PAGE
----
Another common thread between anti-vaxxers is a belief in conspiracy theories which is indicative of a conspiracy based worldview. A study published in The Biochemist, for example, details the correlation between the two, further suggesting that vaccine-hesitant people are more likely to have a conspiracy mentality. Similarly, a large association was also found between anti-vaxxers and the distrust of conventional medicinal therapies, such as the use of antidepressants. This mistrust for the government and pharmaceutical companies can further exacerbate one's belief in conspiracy theories, particularly as people believe that those in a position of power are sinisterly motivated against the general public.

Additionally, a cognitive bias named the conjunction fallacy has been linked to conspiracy thinking. Conjunction fallacy is an error in decision-making where it is believed that a specific condition, such as, it will rain tomorrow, has a higher chance of happening than the general condition, for example, the weather will be bad tomorrow. Researchers at the University of London found that those who believed in conspiracy theories were more likely to fall victim to the conjunction fallacy.

Consequently, one of the reasons anti-vaxxers reject credible evidence in favour of vaccines is based on a variety of cognitive biases. A better understanding of the psychology behind anti-vaxxers will enable you to better understand their reactions. Unfortunately, there is no one-size-fits-all solution to influencing vaccine-hesitant people, however, in identifying the source of their hesitancy, your approach can be specifically tailored.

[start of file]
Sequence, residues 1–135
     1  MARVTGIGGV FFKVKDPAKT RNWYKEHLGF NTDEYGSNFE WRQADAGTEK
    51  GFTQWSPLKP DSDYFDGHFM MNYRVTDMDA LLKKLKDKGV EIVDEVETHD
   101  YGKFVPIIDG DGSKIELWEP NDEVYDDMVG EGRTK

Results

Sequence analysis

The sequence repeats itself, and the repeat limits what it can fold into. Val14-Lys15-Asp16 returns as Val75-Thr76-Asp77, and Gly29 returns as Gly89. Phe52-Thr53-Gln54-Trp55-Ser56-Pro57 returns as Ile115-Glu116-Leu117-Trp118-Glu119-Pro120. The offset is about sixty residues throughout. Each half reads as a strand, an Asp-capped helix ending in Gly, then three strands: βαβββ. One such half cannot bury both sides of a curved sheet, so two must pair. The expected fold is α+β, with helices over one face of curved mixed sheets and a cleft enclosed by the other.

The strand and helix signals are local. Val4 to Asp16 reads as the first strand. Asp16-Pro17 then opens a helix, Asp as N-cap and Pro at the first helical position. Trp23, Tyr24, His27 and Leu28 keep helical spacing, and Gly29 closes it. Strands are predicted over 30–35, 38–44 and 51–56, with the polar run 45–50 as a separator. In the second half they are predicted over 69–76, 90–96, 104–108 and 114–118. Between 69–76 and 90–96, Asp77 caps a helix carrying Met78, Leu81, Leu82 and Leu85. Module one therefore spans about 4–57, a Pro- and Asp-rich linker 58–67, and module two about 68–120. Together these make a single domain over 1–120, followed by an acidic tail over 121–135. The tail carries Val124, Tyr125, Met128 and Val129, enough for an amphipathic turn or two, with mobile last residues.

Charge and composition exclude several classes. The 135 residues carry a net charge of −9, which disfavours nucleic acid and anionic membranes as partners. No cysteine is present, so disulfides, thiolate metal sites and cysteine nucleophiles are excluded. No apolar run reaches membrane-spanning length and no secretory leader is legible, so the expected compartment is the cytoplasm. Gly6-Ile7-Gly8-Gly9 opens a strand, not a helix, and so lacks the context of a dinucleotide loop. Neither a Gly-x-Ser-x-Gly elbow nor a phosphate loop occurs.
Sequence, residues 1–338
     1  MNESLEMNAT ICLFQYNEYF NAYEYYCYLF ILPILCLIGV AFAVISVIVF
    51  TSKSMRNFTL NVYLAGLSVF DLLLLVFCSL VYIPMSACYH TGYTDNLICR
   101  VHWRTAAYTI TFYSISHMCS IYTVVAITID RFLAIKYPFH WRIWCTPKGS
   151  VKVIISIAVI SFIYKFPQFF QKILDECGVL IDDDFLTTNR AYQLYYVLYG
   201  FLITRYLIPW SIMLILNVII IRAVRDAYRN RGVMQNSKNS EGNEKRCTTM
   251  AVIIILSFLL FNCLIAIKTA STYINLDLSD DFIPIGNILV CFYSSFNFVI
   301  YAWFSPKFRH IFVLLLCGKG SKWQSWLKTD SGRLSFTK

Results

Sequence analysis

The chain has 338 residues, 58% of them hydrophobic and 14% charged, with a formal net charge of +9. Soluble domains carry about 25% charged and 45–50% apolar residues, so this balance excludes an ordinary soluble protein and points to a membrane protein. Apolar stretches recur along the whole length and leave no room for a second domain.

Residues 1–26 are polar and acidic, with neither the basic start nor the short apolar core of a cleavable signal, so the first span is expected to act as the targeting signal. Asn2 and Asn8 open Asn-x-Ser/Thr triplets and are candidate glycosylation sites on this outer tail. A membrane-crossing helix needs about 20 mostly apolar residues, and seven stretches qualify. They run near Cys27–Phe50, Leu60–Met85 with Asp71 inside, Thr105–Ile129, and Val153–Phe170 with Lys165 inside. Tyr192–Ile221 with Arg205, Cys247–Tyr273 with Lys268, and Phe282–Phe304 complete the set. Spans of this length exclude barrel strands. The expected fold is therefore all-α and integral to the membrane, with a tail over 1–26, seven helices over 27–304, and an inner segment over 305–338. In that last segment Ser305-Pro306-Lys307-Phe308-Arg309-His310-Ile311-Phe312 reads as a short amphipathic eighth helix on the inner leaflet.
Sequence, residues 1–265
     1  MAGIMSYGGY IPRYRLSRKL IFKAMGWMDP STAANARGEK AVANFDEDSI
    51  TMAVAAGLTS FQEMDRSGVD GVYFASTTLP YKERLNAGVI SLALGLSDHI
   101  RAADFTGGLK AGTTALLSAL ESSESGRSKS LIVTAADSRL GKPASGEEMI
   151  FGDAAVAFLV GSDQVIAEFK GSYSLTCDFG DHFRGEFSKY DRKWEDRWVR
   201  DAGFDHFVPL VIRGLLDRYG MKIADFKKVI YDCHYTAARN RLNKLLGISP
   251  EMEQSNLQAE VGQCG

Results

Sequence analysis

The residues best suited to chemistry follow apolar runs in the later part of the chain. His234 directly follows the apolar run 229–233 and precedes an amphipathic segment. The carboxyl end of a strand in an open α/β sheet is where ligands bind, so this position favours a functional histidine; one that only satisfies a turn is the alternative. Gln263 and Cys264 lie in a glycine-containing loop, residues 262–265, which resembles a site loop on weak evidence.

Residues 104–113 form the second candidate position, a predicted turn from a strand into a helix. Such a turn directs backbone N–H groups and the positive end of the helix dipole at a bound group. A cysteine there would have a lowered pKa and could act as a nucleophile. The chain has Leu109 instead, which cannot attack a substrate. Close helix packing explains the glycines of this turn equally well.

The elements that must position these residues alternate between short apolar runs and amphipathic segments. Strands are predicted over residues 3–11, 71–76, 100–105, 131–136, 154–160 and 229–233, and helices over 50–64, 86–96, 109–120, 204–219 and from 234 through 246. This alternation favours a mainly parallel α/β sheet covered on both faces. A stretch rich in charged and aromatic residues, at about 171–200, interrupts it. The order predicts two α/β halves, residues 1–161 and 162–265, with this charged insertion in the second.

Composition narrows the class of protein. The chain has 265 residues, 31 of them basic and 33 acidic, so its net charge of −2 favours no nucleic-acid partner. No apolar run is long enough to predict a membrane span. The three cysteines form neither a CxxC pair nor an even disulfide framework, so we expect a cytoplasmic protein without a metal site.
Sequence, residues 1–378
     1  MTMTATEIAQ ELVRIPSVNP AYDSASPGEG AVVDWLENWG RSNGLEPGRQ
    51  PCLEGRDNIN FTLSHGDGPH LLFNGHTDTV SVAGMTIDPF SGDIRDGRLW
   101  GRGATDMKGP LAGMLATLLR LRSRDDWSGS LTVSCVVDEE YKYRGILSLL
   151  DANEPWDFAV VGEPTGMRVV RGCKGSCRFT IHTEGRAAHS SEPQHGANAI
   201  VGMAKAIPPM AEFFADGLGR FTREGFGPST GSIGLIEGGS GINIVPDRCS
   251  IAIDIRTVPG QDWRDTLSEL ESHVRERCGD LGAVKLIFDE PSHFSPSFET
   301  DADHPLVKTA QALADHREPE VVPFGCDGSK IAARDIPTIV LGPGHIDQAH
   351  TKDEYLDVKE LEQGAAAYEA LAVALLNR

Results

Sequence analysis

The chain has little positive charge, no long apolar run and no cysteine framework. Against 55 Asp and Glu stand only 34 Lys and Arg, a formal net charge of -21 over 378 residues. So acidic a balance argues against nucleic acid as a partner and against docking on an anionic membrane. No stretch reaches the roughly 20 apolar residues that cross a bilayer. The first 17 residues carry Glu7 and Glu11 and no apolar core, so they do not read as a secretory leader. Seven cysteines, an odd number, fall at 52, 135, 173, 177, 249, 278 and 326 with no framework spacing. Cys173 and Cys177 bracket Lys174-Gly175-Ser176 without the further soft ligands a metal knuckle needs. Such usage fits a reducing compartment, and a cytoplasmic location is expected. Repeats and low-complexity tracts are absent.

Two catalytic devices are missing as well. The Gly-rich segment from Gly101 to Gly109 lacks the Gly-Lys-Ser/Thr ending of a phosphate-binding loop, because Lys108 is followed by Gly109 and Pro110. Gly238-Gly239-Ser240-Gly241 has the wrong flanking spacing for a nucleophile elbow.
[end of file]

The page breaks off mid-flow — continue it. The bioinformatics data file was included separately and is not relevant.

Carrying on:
Firstly, by having a conversation using active listening where the person’s concerns are acknowledged rather than dismissed, there is a higher chance that the vaccine-hesitant person will be open to being persuaded. Effective communication is key to having a constructive conversation, however, it also is valuable to describe the methods behind misinformation. If someone is motivated to not get the vaccine due to fear of needles, for example, then you could explain how getting the vaccine may prevent the need for further use of injections when they get sick and perhaps suggest that someone goes with them. The mistrust of the pharmaceutical industry is another popular reason for people to decide not to get vaccinated. The way to potentially defuse the mistrust could be to explain how there are multiple layers of testing and regulation that all companies must abide by to ensure the vaccine produced is safe.

Above all, remember it is not your responsibility to change someone else’s mind. If you feel confident and open to having a conversation with a vaccine-hesitant person go ahead. However, its important to rememeber there are young children and immunocompromised individuals who cannot innoculate themselves. Though difficult, encouraging an anti-vaxxer to think critically about their decision can have a large, positive impact on someone else’s life. Otherwise, suggest that they talk to a medical professional such as their family doctor. Even though anti-vaxxers exist and have always existed, currently, 93.3% of people aged 16 and over are double dosed and the rollout of the booster shot has only just begun. Armed with this knowledge, we should be hopeful for the future.

You may be interested in...
There are no current news articles.